The Secret Life Of Pets takes us inside the mind of domestic animals in New York City, more specifically into the mind of Max (Louis C.K), a dog whose life is turned upside down when his beloved owner brings back another dog.
The latest film from Illumination Entertainment (the minds behind Despicable Me and Minions) shows us what our pets gets up to once we leave the house. In this world our pets act very much like us, they have relationships, hobbies and desires that they can fulfill once we close the door.
Our main domestic animal is Max, an apartment bound dog whose daily routine is to sit by the door, eager for his owner's return. His life is pretty uneventful but he's happy, that is until his owner returns home with a big floppy dog named Duke (Eric Stonestreet). The two dogs don't get along to begin with and this rivalry takes them outside into the Big Apple, where they must find their way back home.
The set up and concept for The Secret Life Of Pets is fun and director Chris Renaud provides a solid opening for the film, showing each animal go about their daily routine once their owner leaves the apartment, but once the plot kicks in and our characters leave the comfort of their homes, proceedings become a little too predictable and the film gradually tires itself out with loud and obnoxious characters getting into loud and tedious sequences. The biggest crime of Illumination's latest is that is takes a relatively fun concept in far too many familiar directions.
Set in the vertically buoyant designed city of Manhattan, the film takes us from the top of apartment buildings (some of which are seemingly never ending), all the way to the very bottom of the murky sewers, where Kevin Hart's evil Bunny character hides his army of revolutionist animals aptly named "The Flushed Pets". The film does a very good job of making New York feel like a character in the story, a character I enjoyed so much more than the actual characters that inhabited it. Whilst the voice cast is impressive, 75% of them weren't recognizable, I had no idea Ellie Kemper, Eric Stonestreet and Lake Bell were even in the movie. Louis C.K, Kevin Hart and Albert Brooks are the most recognizable voices but the problem is, the performances are all one note and the characters are pretty forgettable.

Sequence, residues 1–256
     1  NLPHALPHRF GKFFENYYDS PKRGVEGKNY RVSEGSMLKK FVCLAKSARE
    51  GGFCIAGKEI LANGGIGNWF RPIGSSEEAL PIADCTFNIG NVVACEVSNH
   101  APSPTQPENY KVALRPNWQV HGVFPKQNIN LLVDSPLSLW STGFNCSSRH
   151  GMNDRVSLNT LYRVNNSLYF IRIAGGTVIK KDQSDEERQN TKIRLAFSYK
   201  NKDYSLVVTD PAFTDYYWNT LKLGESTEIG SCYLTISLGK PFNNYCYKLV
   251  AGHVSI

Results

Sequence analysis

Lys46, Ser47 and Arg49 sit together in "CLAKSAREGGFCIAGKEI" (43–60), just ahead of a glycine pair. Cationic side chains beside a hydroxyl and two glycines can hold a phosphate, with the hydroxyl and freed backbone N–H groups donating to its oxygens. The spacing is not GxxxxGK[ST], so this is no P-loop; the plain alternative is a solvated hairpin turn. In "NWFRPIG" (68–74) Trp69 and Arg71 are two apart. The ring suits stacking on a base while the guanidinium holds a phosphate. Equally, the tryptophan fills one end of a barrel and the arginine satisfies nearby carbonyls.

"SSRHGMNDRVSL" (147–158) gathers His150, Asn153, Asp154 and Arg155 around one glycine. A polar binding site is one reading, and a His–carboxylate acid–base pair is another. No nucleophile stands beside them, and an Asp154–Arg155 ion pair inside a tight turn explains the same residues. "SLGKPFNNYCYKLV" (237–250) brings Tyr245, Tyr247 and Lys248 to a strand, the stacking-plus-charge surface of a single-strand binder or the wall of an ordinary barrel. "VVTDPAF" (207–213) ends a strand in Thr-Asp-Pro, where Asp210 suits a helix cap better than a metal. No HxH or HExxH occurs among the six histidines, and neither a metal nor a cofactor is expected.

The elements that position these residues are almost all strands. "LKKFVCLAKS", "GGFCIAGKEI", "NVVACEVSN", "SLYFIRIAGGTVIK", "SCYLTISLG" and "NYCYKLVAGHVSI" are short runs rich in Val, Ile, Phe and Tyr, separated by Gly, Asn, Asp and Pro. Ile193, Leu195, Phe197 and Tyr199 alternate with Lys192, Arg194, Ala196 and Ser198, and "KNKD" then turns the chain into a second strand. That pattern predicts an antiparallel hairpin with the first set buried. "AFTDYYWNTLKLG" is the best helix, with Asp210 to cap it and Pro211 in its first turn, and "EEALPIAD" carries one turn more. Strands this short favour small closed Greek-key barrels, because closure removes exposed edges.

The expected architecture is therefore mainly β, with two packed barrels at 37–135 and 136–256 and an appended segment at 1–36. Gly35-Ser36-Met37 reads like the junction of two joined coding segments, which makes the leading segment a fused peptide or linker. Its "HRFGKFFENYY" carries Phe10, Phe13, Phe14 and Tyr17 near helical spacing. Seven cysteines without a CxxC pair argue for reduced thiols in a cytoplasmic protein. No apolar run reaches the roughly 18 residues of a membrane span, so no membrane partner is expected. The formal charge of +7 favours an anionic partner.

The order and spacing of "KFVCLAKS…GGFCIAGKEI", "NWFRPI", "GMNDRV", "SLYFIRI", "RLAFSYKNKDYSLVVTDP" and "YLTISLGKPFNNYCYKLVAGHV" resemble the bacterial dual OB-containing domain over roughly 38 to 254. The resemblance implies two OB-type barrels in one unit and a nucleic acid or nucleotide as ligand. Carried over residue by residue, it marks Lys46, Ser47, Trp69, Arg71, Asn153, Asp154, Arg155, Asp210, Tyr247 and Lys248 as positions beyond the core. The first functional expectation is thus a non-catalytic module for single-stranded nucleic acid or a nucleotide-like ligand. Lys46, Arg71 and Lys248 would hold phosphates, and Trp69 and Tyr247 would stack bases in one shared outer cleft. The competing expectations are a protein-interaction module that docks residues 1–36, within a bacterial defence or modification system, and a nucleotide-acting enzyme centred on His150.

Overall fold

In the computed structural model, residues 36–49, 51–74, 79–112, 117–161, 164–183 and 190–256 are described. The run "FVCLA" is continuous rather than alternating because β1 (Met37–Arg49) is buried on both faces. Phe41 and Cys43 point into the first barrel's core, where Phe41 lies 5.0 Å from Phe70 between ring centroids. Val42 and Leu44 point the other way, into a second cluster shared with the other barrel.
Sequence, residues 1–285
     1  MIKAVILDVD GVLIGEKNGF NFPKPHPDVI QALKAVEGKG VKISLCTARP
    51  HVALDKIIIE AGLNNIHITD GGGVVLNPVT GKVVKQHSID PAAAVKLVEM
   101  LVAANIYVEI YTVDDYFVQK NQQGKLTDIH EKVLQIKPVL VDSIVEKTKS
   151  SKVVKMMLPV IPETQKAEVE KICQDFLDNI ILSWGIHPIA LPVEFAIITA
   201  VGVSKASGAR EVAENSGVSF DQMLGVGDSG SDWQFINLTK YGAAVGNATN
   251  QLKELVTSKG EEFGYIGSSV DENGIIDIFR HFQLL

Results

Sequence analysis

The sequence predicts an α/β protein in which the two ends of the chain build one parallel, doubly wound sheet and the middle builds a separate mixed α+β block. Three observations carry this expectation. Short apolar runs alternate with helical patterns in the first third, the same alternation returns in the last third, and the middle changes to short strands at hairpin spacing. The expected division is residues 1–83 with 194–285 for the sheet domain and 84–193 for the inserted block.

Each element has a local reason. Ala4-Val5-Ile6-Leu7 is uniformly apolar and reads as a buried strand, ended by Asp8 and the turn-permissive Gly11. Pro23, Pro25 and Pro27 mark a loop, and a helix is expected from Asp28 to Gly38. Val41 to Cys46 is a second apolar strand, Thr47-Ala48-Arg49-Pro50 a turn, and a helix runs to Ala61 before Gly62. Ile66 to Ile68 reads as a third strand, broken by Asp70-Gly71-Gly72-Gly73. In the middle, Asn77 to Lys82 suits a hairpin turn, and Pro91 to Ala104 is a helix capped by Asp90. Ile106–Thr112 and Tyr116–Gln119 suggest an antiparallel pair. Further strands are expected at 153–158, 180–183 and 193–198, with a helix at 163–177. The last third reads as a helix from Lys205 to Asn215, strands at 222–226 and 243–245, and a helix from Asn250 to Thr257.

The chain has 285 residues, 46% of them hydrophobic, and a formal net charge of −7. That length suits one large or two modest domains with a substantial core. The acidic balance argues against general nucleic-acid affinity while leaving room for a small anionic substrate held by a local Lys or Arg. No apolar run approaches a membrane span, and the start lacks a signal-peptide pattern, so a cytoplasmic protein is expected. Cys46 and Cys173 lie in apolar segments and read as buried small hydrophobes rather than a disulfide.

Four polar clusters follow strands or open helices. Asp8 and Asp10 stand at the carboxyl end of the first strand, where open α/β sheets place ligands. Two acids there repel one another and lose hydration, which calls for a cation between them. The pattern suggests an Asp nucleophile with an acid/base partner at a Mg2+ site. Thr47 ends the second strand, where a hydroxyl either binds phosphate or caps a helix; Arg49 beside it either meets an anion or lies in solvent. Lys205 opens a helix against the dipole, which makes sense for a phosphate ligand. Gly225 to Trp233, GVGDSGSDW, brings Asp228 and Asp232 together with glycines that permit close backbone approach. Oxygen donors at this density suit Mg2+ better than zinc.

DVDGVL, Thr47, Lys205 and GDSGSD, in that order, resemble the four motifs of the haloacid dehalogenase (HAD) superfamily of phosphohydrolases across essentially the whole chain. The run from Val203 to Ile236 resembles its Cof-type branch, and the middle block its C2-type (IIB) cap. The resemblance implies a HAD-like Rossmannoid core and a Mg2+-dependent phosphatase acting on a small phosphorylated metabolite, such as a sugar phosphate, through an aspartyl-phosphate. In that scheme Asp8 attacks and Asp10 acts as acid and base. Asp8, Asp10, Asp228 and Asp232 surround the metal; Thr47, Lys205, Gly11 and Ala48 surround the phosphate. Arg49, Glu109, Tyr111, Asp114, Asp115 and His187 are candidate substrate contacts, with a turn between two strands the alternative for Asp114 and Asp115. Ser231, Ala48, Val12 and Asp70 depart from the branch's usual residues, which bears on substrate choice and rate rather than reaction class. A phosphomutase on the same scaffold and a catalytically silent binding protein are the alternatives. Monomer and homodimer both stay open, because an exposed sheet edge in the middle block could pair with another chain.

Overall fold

The film has some laughs, most of which occur within the opening reel, unfortunately once the plot gets moving, the laughs become thin and far between. Most of the humor comes from the idea that these animals have very human characteristics whilst remaining adorable and incredibly well animated pets. Where the film starts to lose itself is with the vast variety of animals, there's simply a few too many characters, meaning all of them are pretty thin with predictable arcs. Of course, this film is aimed at children and the design and loud nature of the film will probably keep them entertained, but don't expect more mature viewers to find a great deal of enjoyment.
On a technical level, The Secret Life Of Pets is rather impressive, an opening sweeping shot of the vibrant, bustling and exuberant city had me in awe and the character designs are all very unique. But on a script and story level, there's nothing in The Secret Life Of Pets that you've not seen before and in that way it's quite disappointing.
Young kids will probably have a blast with this animated film but for the adults who have to take them to the cinema, don't expect a lot. I'm giving The Secret Life Of Pets a 4.6/10.